• union: L1 ∪ L2
3. If L1 and L2 are regular languages, so are:                                set of strings in L1 or in L2
 (a) the concatenation of L1 and L2: L1 · L2 = {xy|x ∈ L1, y ∈ L2}
                                                                            • complementation: Σ∗ − L1
 (b) the union of L1 and L2: L1 ∪ L2
                                                                              set of all possible strings that are not in L1
 (c) the Kleene closure of L: L∗ = L0 ∪ L1 ∪ L2 ∪ ... where Li is the
     language of all strings of length i.
                                                                       13                                                                            14




               Properties of regular languages (2)                                  What sorts of expressions aren’t regular?

                                                                            In natural language, examples include center-embedding constructions.
The regular languages are closed under (L1 and L2 regular languages):
                                                                            • These dependencies are not regular:
• difference: L1 − L2
  set of strings which are in L1 but not in L2                                  (1) a. The cat loves Mozart.
                                                                                    b. The cat the dog chased loves Mozart.
• intersection: L1 ∩ L2
                                                                                    c. The cat the dog the rat bit chased loves Mozart.
  set of strings in both L1 and L2
                                                                                    d. The cat the dog the rat the elephant admired bit chased loves
• reversal: LR1                                                                        Mozart.
  set of the reversal of all strings in L1                                      (2) (the noun)n (transitive-verb)n−1 loves Mozart

                                                                            • Similar ones would be regular:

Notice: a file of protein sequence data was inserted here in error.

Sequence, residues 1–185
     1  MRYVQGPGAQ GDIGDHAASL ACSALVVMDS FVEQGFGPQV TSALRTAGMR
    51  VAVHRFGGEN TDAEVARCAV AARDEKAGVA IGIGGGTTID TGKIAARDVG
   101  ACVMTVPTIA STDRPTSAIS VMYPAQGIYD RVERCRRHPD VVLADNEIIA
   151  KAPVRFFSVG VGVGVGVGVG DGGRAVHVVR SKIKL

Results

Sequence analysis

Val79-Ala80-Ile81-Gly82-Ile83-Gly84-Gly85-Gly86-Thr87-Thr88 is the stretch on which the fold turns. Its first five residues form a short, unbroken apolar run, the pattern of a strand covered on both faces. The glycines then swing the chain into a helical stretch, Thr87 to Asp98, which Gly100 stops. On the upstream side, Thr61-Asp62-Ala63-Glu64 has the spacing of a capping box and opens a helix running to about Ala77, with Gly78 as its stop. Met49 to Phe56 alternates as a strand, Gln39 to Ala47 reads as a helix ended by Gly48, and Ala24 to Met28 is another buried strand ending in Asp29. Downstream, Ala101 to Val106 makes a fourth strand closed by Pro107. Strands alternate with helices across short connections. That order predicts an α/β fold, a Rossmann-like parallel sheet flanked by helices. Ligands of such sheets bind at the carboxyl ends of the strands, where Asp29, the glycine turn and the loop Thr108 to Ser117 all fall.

(3) A*B* loves Mozart
                                                                       15                                                                            16




                        Finite state machines                                                 Accepting/Rejecting strings
                                                                            The behavior of an FSA is completely determined by its transition table.
Finite state machines (or automata) (FSM, FSA) recognize or generate
regular languages, exactly those specified by regular expressions.
                                                                            • The assumption is that there is a tape, with the input symbols read
Example:                                                                      off consecutive cells of the tape.
                                                                              – The machine starts in the start (initial) state, about to read the
• Regular expression: colou?r                                                   contents of the first cell on the input tape.
                                                                              – The FSA uses the transition table to decide where to go at each
• Finite state machine:                                                         step
                                                                            • A string is rejected in exactly two cases:
                                                 r        1
           c        o          l        o                                     1. a transition on an input symbol takes you nowhere
     0          6         5        4         2       ur                       2. the state you’re in after processing the entire input is not an accept
                                                                                 (final) state
                                                          3
                                                                            • Otherwise, the string is accepted.
                                                                       17                                                                            18